This last year has been challenging for everyone, leaving more than a few startups uncertain of their future and unsure how they will survive the changes that COVID has introduced. However, between those who had to put fundraising on hold, abandon offices, or even reduce operations - there were those that successfully conquered these new challenges, as if they were waiting for them all along.

Papaya Global, an Israeli startup that develops a global management payroll system for both contracted and subcontracted employees and suppliers, no matter where they’re located around the world. The Israeli fintech startup gambled strong on the remote work reality, and hit the jackpot. In an exclusive interview, Papaya CEO, Eiant Guez, sheds some light on the past year, as well as the company’s IPO direction.

“Even happy thought can keep you up at night”

Guez tells that during 2020, the company had launched many new features that accompany both the company and employee throughout different organizational phases. This had come in addition to also adding an automated payment management feature to its repertoire. “In the end, the money is transferred to the employees and relevant authorities, without anyone touching it. No mistakes, and no fraud,” she explains. Guez notes that more and more companies are adopting remote work models, and aren’t afraid of hiring from the global talent pool.

“COVID won’t disappear so quickly,” Guez claims. “It arrived in a flash, but the world will take baby steps coming out of it.” Though, what may help Papaya’s business grow is not what Guez wants for her day-to-day. “I hope to return working with the team, and not strictly in a remote setting, where we never really meet.”

The Papaya Glpbal team

Papaya Global closed out a very challenging year with more than a few milestones. Since the start of 2021, the company has increased its roster by 80 employees, with 10 of them hired in Israel. “We’re at the beginning of a tough year,” admits Guez, “even happy thoughts can keep you up at night.” These happy thoughts though came one after another, with the company onboarding 100 new customers from the beginning of the year and acquiring an Israeli HR startup. In addition to announcing a $100 million mega-funding round, and that’s just their Series C, which arrived just 6 months after the last round. To date, the company has raised a total of $190 million and has seen its valuation balloon over the $1 billion benchmark -  meaning that Papaya also joins the respectable club of Israeli Unicorn companies.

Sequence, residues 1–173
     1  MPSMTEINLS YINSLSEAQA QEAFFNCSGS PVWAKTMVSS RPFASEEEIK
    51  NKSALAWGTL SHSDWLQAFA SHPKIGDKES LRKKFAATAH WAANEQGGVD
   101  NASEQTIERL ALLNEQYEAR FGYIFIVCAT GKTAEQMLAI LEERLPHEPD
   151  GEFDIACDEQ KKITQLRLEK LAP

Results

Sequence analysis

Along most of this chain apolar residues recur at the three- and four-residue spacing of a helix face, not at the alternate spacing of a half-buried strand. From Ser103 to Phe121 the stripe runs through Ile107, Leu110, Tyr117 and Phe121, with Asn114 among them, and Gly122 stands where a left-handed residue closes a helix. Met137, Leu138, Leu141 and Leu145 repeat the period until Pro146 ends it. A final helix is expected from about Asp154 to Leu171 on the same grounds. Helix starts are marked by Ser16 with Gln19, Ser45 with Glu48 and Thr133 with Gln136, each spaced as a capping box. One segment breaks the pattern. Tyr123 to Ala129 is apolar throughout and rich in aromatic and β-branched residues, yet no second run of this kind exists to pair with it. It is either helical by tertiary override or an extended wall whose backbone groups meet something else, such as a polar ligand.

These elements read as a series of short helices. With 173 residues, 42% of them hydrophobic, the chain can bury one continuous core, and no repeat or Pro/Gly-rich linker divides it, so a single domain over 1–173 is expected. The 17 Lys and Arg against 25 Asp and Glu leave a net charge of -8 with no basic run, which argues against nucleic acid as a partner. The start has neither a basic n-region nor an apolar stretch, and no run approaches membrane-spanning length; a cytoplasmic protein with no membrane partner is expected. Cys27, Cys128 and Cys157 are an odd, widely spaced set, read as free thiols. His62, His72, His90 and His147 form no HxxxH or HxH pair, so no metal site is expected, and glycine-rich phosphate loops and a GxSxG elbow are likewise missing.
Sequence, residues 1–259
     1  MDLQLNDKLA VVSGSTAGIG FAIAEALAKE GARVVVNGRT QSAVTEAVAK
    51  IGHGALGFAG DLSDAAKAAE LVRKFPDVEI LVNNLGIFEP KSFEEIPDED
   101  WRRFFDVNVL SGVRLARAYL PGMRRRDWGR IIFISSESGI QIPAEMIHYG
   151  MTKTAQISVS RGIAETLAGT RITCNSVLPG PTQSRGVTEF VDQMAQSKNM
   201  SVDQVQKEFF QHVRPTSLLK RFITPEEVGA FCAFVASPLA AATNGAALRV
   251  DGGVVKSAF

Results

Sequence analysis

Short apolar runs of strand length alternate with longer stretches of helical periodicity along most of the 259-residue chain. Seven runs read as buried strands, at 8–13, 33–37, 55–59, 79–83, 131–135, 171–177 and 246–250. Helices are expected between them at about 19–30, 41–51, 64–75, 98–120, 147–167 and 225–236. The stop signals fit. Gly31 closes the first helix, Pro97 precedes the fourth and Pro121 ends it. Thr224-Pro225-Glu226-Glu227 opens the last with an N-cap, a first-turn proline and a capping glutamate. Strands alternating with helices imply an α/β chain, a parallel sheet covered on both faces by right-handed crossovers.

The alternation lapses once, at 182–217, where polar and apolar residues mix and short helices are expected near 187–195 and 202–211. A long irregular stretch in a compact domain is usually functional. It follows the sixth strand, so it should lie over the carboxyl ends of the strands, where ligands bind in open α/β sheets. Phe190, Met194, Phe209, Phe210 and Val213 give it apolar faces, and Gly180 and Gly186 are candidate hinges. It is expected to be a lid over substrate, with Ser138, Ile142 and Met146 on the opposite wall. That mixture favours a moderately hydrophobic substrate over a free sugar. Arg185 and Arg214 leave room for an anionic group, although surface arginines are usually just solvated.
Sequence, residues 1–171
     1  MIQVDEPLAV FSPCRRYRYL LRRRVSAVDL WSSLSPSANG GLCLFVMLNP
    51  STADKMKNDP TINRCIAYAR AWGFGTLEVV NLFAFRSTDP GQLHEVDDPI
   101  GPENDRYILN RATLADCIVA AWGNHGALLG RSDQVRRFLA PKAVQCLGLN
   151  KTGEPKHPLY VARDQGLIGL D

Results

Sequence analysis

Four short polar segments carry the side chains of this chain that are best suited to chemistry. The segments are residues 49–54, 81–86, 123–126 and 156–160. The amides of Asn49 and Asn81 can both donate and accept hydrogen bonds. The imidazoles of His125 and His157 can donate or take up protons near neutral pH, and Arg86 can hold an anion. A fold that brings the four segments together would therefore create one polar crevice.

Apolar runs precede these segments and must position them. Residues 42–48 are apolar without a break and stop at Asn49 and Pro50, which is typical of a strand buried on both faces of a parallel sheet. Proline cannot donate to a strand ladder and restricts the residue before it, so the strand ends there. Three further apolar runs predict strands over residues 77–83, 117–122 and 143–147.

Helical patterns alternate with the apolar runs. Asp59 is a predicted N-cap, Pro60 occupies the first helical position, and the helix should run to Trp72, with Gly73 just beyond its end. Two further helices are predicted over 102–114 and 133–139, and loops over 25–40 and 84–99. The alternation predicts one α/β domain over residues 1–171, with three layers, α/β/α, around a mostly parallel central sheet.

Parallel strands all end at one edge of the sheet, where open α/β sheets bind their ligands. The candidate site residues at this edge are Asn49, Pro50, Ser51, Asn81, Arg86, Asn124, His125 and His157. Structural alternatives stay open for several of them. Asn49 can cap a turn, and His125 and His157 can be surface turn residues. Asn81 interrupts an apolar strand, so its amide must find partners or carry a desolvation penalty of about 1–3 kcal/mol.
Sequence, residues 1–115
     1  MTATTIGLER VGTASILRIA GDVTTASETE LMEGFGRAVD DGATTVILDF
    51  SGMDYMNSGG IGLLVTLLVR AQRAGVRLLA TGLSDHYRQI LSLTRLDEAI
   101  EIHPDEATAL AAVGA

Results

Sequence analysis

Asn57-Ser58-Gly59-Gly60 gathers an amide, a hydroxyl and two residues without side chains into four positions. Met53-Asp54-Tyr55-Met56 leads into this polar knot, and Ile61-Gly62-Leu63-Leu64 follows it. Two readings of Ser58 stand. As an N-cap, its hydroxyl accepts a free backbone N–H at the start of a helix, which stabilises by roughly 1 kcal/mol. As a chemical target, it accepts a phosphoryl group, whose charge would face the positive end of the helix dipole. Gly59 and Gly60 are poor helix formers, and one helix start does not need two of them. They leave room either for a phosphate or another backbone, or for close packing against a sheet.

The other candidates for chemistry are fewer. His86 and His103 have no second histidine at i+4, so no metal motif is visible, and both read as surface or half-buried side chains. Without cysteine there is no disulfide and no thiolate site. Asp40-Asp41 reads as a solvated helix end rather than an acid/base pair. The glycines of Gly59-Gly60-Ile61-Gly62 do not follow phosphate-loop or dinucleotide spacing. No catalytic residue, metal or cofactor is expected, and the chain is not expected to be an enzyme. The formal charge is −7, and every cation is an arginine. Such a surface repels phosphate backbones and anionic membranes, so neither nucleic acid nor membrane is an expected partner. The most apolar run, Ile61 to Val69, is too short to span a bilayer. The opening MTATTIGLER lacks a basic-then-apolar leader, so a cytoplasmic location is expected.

In the past, achieving Unicorn status was pretty rare, but now in 2021we report new Unicorns on an almost weekly basis. “It makes me happy,” says Guez. “...For a long time now, the world has perceived Israelis as selling cheap, claiming we don’t know how to build market leaders. A lot of money is being invested here, and many new technologies are coming out of the ecosystem. And that’s amazing!” Nevertheless, she does state that due to Israel’s limited market, the battle for talent is just going to get bigger. “It’s going to get crowded,” according to Guez.

SPAC IPO? “Just like COVID… appeared one day and never left”

Over the past two years, we have started noticing the growing trend of Israeli startups choosing to skip past the quick money options of M&As. Guez confirms that is also the route that Papaya has chosen going forward: “Once you took the massive check, it’s a one-way ticket to IPO. We have raised a lot of money and reached a valuation that allows us some breathing room, meaning that potential suitors significantly reduce interest. You’re not that attractive for other companies’ ecosystems.”

Guez estimates that the company is still two or three years away from going public, and aspires that the company is “built right, to go public.” However, beyond the traditional IPO, this year we’ve seen the SPAC route attract more than a few Israeli entrepreneurs, who claim that it’s an excellent way to raise capital and become a publicly-traded enterprise.

Guez calls it an excellent tool “if you’re ready, and as a shortcut to capital.” She says that the SPACs “came like lighting on a clear day, and haven’t left since then. Kind of like COVID.” Although, with the company not yet ready for the stock market, she can’t really say which route Papaya will choose: “Two or three years down the road? I can’t help you there. We’ll get there and see what’s going on.”

The three Papaya founders

Every female entrepreneur creates a ripple of impact

With Einat Guez talking about “happy thoughts”, I can’t help but think that maybe one of the thoughts was on a personal level. Last month, Guez took home gold as CEO of the Year at the 9th annual GeekAwards - voted by the tech crowd and a team of professional judges. Despite the industry still mostly dominated by men, this year saw the women of tech set the tone, picking up awards in key categories.

“The entrepreneurship is technological, not defined by gender,” states Guez. She explains that in the past women entrepreneurs traditionally focused on female-related products, but now things are different: “Now, it’s totally Deep Tech.” She believes that every female entrepreneur leading or founding a company helps create “a rippling ecosystem of impact, where women feel the possibilities.” Guez also defines the current situation as a beginning of change. “We won’t wake up with 50%, nor 30%, but if we hit 15% and 20%, big things will start to happen.”